Keep Pets Safe During Sweltering Temperatures

News Release, Calvert County Public Information Office

PRINCE FREDERICK, Md. – July 19, 2019 – The National Weather Service has issued a heat advisory through the weekend with temperatures in the mid to upper 90s and a heat index value of around 110 degrees. The Calvert County Department of Public Safety Division of Animal Services reminds citizens to take steps to keep their pets safe when temperatures are soaring.

“Our pets respond differently to heat than people do,” said the Department of Public Safety Director Jackie Vaughan. “It is important we take steps to protect them the same way we would for small children or the elderly.”

Pet owners should provide ample shade and water for their pets. Any time a pet is outside, make sure it has protection from heat and sun and plenty of fresh, cold water. In heat waves, add ice to water when possible. Pet owners can also follow these additional tips provided by the Humane Society of the United States:

  • Provide pets tree shade or shade with tarps because they don’t obstruct airflow. A doghouse does not provide relief from heat; in fact, it makes it worse.
  • Never leave your pets in a parked car – not even for a minute, even with the car and air conditioning running. On a warm day, temperatures inside a vehicle can rise rapidly to dangerous levels. On an 85-degree day, for example, the temperature inside a car with the windows opened slightly can reach 102 degrees within 10 minutes. After 30 minutes, the temperature will reach 120 degrees.
  • Watch the humidity. Animals pant to evaporate moisture from their lungs, which takes heat away from their bodies. If the humidity is too high, they are unable to cool themselves and their temperature can skyrocket to dangerous levels.
  • Limit exercise on hot days. Adjust the intensity and duration of exercise in accordance with the temperature. On very hot days, limit exercise to early morning or evening hours. Be especially careful with pets with white-colored ears, who are more susceptible to skin cancer, and short-nosed pets, who typically have difficulty breathing.
  • Avoid walking dogs on asphalt and concrete. The surfaces get very hot and can burn your pet’s paws. Walk your dog on the grass if possible, as being close to the ground can heat their body quickly. Always carry water with you to keep your dog from dehydrating and keep walks to a minimum.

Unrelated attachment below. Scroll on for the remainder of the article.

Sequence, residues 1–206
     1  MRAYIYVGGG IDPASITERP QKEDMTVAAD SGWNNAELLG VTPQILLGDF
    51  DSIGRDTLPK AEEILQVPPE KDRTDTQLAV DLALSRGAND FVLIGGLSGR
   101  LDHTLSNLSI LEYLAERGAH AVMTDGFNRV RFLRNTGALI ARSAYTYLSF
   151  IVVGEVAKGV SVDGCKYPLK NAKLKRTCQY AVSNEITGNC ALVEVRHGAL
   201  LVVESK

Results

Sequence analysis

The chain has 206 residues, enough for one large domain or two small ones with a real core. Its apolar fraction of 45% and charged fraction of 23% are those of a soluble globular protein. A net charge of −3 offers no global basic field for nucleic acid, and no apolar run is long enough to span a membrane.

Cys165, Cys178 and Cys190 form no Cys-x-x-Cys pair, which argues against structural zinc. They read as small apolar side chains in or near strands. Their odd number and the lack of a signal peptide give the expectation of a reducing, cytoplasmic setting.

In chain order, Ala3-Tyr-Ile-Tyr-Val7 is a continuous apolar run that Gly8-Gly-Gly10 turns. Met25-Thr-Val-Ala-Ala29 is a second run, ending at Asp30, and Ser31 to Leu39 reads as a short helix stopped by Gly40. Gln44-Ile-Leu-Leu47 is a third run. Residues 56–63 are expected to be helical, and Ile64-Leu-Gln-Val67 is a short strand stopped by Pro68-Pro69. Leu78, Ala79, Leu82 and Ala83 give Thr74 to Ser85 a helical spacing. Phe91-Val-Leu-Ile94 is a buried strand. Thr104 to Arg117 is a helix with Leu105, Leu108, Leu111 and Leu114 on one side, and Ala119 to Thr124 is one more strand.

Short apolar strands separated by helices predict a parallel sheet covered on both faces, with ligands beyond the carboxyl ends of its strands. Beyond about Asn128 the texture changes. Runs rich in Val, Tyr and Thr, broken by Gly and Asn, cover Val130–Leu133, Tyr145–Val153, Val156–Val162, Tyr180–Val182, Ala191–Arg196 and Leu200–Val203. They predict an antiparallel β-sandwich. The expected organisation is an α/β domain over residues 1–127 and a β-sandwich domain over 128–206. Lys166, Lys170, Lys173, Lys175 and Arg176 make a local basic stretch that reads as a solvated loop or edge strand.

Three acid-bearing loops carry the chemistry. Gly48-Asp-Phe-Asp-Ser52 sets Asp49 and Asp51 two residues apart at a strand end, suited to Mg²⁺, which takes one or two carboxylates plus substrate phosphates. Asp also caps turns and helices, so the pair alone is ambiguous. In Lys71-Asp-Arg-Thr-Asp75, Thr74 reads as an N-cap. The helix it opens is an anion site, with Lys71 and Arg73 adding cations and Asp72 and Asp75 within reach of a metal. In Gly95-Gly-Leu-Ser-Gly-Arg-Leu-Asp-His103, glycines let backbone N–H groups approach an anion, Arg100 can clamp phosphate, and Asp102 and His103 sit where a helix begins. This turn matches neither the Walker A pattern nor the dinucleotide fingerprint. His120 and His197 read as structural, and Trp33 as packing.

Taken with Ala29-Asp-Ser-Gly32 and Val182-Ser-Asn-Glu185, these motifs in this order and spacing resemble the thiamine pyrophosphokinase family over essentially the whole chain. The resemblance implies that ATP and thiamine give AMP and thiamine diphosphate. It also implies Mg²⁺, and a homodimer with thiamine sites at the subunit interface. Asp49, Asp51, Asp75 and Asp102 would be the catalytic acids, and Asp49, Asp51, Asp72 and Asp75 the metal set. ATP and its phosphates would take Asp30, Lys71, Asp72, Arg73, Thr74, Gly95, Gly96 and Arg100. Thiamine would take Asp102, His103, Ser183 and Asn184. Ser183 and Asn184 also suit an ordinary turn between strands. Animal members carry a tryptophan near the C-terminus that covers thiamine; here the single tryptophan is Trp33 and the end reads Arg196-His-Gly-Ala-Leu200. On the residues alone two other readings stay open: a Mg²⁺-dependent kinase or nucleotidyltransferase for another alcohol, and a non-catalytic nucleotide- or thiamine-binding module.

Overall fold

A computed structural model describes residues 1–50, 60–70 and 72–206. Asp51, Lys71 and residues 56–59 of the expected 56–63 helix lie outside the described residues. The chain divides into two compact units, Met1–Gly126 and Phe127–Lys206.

• Giving your dog a lightweight summer haircut can help prevent overheating, but never shave to the skin. Dogs need one inch of protection to avoid getting sunburned.
  • Do not rely on a fan. Pets respond differently to heat than humans do. (Dogs, for instance, sweat primarily through their feet.) Fans do not cool off pets as effectively as they do people.
  • Cool your pet inside. Keep your pet from overheating indoors or out with a cooling body wrap, vest or mat. Soak these products in cool water and they’ll stay cool (but usually dry) for up to three days. A cool soaking bath is also a good idea for dogs that don’t find baths stressful.
  • Provide access to fresh water, whether your pets are inside or out with you.

Find information on Calvert County Government services online at www.CalvertCountyMd.gov.

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David M. Higgins II

David M. Higgins was born in Baltimore and grew up in Southern Maryland. He has had a passion for journalism since high school. After spending many years in the Hospitality Industry he began working in Digital Marketing, eventually leading him back to his passion. David started The Southern Maryland Chronicle in December 2017 and has grown it to become the #1 news source in Southern Maryland.

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